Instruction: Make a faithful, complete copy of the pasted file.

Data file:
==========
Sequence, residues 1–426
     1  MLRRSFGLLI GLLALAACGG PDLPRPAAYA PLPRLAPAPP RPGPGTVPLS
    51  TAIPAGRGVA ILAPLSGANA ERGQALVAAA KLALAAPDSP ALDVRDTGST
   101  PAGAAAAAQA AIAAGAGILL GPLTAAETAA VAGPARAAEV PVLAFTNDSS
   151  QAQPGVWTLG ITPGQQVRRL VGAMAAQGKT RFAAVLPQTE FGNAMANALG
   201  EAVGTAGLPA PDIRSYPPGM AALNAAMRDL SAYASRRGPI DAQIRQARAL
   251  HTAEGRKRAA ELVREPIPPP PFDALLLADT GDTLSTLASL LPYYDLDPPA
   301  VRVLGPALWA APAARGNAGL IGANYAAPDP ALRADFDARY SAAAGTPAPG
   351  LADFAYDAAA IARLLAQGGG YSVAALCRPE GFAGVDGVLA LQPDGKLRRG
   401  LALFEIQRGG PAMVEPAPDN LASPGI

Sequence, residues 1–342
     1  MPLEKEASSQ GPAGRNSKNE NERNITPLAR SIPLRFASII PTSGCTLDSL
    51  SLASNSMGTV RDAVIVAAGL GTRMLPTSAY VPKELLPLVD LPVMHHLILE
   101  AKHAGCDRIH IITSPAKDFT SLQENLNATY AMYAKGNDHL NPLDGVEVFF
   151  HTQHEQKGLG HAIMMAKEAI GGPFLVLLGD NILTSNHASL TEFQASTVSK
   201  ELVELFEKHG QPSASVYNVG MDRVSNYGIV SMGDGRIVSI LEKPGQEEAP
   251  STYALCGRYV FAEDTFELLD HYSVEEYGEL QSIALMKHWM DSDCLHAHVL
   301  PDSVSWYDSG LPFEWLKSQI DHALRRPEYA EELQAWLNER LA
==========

Sequence, residues 1–426
     1  MLRRSFGLLI GLLALAACGG PDLPRPAAYA PLPRLAPAPP RPGPGTVPLS
    51  TAIPAGRGVA ILAPLSGANA ERGQALVAAA KLALAAPDSP ALDVRDTGST
   101  PAGAAAAAQA AIAAGAGILL GPLTAAETAA VAGPARAAEV PVLAFTNDSS
   151  QAQPGVWTLG ITPGQQVRRL VGAMAAQGKT RFAAVLPQTE FGNAMANALG
   201  EAVGTAGLPA PDIRSYPPGM AALNAAMRDL SAYASRRGPI DAQIRQARAL
   251  HTAEGRKRAA ELVREPIPPP PFDALLLADT GDTLSTLASL LPYYDLDPPA
   301  VRVLGPALWA APAARGNAGL IGANYAAPDP ALRADFDARY SAAAGTPAPG
   351  LADFAYDAAA IARLLAQGGG YSVAALCRPE GFAGVDGVLA LQPDGKLRRG
   401  LALFEIQRGG PAMVEPAPDN LASPGI

Sequence, residues 1–342
     1  MPLEKEASSQ GPAGRNSKNE NERNITPLAR SIPLRFASII PTSGCTLDSL
    51  SLASNSMGTV RDAVIVAAGL GTRMLPTSAY VPKELLPLVD LPVMHHLILE
   101  AKHAGCDRIH IITSPAKDFT SLQENLNATY AMYAKGNDHL NPLDGVEVFF
   151  HTQHEQKGLG HAIMMAKEAI GGPFLVLLGD NILTSNHASL TEFQASTVSK
   201  ELVELFEKHG QPSASVYNVG MDRVSNYGIV SMGDGRIVSI LEKPGQEEAP
   251  STYALCGRYV FAEDTFELLD HYSVEEYGEL QSIALMKHWM DSDCLHAHVL
   301  PDSVSWYDSG LPFEWLKSQI DHALRRPEYA EELQAWLNER LA